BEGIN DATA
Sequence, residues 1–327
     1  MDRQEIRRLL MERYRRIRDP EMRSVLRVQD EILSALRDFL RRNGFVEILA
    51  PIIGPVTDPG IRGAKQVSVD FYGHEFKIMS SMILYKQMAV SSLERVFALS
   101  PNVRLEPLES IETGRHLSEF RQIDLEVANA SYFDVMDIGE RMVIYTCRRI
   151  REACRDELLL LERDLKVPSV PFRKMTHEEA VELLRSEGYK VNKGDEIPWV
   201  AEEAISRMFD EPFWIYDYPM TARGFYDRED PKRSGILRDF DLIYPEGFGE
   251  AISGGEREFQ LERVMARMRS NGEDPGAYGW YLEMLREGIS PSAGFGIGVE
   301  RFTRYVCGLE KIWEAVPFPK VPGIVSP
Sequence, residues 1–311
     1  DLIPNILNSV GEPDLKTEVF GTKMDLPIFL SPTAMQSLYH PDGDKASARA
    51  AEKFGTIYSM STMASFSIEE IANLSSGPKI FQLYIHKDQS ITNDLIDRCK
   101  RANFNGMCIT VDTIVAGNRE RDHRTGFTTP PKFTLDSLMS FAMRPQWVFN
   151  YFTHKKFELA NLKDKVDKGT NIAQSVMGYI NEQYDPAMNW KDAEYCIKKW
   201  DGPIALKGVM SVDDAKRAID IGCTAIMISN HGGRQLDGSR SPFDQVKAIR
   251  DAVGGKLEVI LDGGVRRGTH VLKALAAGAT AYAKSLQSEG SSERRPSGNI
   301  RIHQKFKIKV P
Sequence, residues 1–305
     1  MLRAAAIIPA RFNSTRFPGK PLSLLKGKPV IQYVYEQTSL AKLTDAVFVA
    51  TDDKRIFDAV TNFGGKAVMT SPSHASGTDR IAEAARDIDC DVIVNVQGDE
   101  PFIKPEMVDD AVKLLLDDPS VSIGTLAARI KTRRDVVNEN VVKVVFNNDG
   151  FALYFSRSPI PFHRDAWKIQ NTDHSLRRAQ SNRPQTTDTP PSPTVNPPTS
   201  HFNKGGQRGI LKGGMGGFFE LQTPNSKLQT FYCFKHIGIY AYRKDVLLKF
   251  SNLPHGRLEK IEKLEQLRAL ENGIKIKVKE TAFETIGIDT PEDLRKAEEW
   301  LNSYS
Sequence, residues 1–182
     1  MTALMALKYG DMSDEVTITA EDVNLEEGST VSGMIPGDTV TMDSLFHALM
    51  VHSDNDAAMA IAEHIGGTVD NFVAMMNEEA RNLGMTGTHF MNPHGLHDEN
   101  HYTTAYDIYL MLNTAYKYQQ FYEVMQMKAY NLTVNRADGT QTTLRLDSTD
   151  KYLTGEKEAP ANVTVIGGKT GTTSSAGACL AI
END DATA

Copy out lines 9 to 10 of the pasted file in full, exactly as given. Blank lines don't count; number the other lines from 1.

Sequence, residues 1–311
     1  DLIPNILNSV GEPDLKTEVF GTKMDLPIFL SPTAMQSLYH PDGDKASARA